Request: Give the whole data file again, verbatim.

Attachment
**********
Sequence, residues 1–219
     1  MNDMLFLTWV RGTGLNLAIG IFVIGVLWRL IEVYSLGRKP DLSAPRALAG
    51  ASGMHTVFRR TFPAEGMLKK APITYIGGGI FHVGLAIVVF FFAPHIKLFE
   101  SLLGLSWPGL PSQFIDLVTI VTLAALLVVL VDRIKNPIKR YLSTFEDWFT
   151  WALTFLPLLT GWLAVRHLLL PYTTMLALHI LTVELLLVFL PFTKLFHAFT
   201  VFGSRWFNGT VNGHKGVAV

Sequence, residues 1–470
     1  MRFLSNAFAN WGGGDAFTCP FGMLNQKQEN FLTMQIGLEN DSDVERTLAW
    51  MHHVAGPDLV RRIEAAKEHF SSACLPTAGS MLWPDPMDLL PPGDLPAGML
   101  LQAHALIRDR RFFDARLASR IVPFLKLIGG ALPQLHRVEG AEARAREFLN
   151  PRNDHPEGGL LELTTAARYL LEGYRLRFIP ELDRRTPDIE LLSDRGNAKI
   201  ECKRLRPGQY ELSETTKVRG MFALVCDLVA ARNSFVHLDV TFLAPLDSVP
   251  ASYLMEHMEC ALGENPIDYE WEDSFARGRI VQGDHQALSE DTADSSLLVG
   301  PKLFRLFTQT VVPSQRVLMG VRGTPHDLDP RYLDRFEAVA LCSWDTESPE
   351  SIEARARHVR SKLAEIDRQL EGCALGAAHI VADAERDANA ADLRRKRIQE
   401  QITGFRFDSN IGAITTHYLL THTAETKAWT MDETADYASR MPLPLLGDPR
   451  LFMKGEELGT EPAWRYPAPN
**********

Sequence, residues 1–219
     1  MNDMLFLTWV RGTGLNLAIG IFVIGVLWRL IEVYSLGRKP DLSAPRALAG
    51  ASGMHTVFRR TFPAEGMLKK APITYIGGGI FHVGLAIVVF FFAPHIKLFE
   101  SLLGLSWPGL PSQFIDLVTI VTLAALLVVL VDRIKNPIKR YLSTFEDWFT
   151  WALTFLPLLT GWLAVRHLLL PYTTMLALHI LTVELLLVFL PFTKLFHAFT
   201  VFGSRWFNGT VNGHKGVAV

Sequence, residues 1–470
     1  MRFLSNAFAN WGGGDAFTCP FGMLNQKQEN FLTMQIGLEN DSDVERTLAW
    51  MHHVAGPDLV RRIEAAKEHF SSACLPTAGS MLWPDPMDLL PPGDLPAGML
   101  LQAHALIRDR RFFDARLASR IVPFLKLIGG ALPQLHRVEG AEARAREFLN
   151  PRNDHPEGGL LELTTAARYL LEGYRLRFIP ELDRRTPDIE LLSDRGNAKI
   201  ECKRLRPGQY ELSETTKVRG MFALVCDLVA ARNSFVHLDV TFLAPLDSVP
   251  ASYLMEHMEC ALGENPIDYE WEDSFARGRI VQGDHQALSE DTADSSLLVG
   301  PKLFRLFTQT VVPSQRVLMG VRGTPHDLDP RYLDRFEAVA LCSWDTESPE
   351  SIEARARHVR SKLAEIDRQL EGCALGAAHI VADAERDANA ADLRRKRIQE
   401  QITGFRFDSN IGAITTHYLL THTAETKAWT MDETADYASR MPLPLLGDPR
   451  LFMKGEELGT EPAWRYPAPN